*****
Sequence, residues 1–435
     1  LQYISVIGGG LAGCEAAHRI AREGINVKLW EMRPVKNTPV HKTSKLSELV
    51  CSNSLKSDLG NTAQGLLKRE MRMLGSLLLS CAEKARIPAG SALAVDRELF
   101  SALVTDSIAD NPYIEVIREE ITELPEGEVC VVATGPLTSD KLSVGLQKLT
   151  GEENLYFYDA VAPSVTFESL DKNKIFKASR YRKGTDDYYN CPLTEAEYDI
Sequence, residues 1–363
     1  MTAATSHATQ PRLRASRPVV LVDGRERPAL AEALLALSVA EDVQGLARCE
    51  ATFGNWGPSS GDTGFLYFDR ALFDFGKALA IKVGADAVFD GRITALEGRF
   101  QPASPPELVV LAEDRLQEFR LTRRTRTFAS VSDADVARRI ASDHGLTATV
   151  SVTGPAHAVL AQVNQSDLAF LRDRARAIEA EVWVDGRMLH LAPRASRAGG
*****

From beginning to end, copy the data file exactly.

Sequence, residues 1–435
     1  LQYISVIGGG LAGCEAAHRI AREGINVKLW EMRPVKNTPV HKTSKLSELV
    51  CSNSLKSDLG NTAQGLLKRE MRMLGSLLLS CAEKARIPAG SALAVDRELF
   101  SALVTDSIAD NPYIEVIREE ITELPEGEVC VVATGPLTSD KLSVGLQKLT
   151  GEENLYFYDA VAPSVTFESL DKNKIFKASR YRKGTDDYYN CPLTEAEYDI
Sequence, residues 1–363
     1  MTAATSHATQ PRLRASRPVV LVDGRERPAL AEALLALSVA EDVQGLARCE
    51  ATFGNWGPSS GDTGFLYFDR ALFDFGKALA IKVGADAVFD GRITALEGRF
   101  QPASPPELVV LAEDRLQEFR LTRRTRTFAS VSDADVARRI ASDHGLTATV
   151  SVTGPAHAVL AQVNQSDLAF LRDRARAIEA EVWVDGRMLH LAPRASRAGG